Call to Action: TrialSite will continue to monitor the ivermectin study results as they are available and thereafter provide as much of an objective, non-commercially interested and unbiased perspective as possible. For example, despite this media platform’s favorable view of the current ivermectin meta analyses currently circulating, this particular Colombian study falls under our “TrialWatch Challenge” category, meaning the results were neutral to negative.


  1. This article ny Trialsite iseems to me no more objective than the study it assaults. Trialsite needs to stay out of the political fray in order to remain a reputable source of scientific research news.

  2. this is one of those studies designed to fail , like it was done with HCQ , giving extremely high doses to prove it does not work… shame on this people

  3. You knew there were going to be studies like this. This one seems reminiscent of one of the early HCQ built-to-fail tests where they gave the patients nearly lethal doses. So of course the media will run with this one. MSM is allied with Big Gov and Big Pharm. No kidding, right?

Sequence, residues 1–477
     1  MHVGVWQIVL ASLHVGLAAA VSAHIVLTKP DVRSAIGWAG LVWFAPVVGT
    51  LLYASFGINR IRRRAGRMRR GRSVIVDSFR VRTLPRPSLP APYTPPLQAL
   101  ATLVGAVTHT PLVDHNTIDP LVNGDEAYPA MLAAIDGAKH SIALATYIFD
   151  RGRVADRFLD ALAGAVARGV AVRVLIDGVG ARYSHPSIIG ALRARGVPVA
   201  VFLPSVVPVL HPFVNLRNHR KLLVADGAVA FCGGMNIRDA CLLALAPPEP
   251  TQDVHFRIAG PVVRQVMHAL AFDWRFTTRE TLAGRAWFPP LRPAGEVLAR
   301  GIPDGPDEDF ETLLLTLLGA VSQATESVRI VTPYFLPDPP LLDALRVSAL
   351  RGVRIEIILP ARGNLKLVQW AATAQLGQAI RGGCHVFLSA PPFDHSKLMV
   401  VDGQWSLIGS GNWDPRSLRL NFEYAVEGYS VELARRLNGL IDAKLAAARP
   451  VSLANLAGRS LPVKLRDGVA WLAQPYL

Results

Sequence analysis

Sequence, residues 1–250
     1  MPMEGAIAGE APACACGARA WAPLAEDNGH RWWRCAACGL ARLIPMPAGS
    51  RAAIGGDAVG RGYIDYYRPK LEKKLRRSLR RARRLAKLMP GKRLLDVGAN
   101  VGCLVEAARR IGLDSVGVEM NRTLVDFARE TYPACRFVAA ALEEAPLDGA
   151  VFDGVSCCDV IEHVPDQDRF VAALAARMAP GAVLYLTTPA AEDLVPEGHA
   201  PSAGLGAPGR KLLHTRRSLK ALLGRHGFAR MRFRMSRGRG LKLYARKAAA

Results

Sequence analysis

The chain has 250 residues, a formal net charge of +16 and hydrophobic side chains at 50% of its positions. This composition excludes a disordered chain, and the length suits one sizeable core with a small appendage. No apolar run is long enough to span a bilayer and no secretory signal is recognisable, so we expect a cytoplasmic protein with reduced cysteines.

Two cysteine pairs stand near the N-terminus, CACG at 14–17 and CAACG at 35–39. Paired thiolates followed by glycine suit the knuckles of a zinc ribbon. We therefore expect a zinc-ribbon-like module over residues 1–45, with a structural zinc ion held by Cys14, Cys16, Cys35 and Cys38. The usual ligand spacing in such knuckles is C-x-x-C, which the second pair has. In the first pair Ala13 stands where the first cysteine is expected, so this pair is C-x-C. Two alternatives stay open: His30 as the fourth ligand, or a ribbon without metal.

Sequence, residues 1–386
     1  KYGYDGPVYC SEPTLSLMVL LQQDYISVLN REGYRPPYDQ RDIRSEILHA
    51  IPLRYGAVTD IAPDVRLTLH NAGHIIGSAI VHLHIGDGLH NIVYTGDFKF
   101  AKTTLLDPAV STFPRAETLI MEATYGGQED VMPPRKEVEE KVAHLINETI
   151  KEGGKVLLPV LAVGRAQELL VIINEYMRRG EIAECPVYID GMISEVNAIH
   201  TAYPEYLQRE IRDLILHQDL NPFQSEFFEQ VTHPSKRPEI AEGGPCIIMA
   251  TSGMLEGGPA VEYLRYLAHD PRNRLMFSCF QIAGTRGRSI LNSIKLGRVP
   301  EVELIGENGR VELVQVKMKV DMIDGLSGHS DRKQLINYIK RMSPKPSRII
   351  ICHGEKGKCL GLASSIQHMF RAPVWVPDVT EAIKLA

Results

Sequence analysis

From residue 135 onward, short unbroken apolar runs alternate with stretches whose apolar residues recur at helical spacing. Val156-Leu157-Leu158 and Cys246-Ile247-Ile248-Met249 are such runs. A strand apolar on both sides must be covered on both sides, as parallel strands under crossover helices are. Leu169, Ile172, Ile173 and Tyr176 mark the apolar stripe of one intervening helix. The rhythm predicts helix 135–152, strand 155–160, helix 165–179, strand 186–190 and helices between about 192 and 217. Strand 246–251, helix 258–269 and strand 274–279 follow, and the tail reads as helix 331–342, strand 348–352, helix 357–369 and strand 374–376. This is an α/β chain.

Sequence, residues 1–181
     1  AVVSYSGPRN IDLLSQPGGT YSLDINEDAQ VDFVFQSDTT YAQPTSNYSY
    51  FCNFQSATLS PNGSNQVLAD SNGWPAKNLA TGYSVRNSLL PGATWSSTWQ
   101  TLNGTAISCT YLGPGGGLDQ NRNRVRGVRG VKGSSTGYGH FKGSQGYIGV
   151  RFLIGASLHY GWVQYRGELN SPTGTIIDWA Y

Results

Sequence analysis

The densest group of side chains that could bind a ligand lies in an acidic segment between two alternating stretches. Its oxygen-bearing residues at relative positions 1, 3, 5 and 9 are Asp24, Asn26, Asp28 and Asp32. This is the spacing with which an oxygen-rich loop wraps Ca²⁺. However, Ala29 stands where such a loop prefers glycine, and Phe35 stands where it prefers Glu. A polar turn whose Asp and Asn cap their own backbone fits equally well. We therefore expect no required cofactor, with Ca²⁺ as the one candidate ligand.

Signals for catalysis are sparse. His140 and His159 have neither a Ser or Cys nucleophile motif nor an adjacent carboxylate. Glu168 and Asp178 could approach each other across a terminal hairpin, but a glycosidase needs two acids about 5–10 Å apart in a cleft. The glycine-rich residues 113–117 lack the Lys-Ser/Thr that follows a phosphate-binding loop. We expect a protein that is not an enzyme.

And let’s not be led astray by "statisitical significance". 2 days less in the hospital is a blessing to those in the beds. It’s significant as all get out to them. A 4/7 drop in deterioration is HUGE, even if the "number" goes from 3.5% to 2%. That’s more than 50%.
    Maybe this trial should be dismissed like all the other ones. It’s too small, wasn’t properly controlled, and was done by brown-ish people in the 2nd or 3rd world, therefore it’s worthless. Follow the money; who paid who to generate which results?

    1. Wasn’t that "2 days less in the hospital" the original justification for remdisivir? At $3200.00 a pop it was to have saved something like $16,000.00 in hospital costs. At least that’s how I remember it.